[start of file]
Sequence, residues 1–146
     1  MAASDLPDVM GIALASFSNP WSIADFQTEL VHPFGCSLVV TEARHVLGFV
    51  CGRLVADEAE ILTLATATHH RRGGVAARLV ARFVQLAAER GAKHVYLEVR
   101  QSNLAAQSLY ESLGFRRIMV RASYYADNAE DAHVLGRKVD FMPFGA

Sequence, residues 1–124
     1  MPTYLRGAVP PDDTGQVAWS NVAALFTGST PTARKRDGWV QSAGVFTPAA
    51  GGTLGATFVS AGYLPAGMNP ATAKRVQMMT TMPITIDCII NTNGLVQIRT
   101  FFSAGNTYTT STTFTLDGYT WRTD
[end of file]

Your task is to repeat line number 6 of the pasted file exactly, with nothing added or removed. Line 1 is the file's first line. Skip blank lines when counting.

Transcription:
     1  MPTYLRGAVP PDDTGQVAWS NVAALFTGST PTARKRDGWV QSAGVFTPAA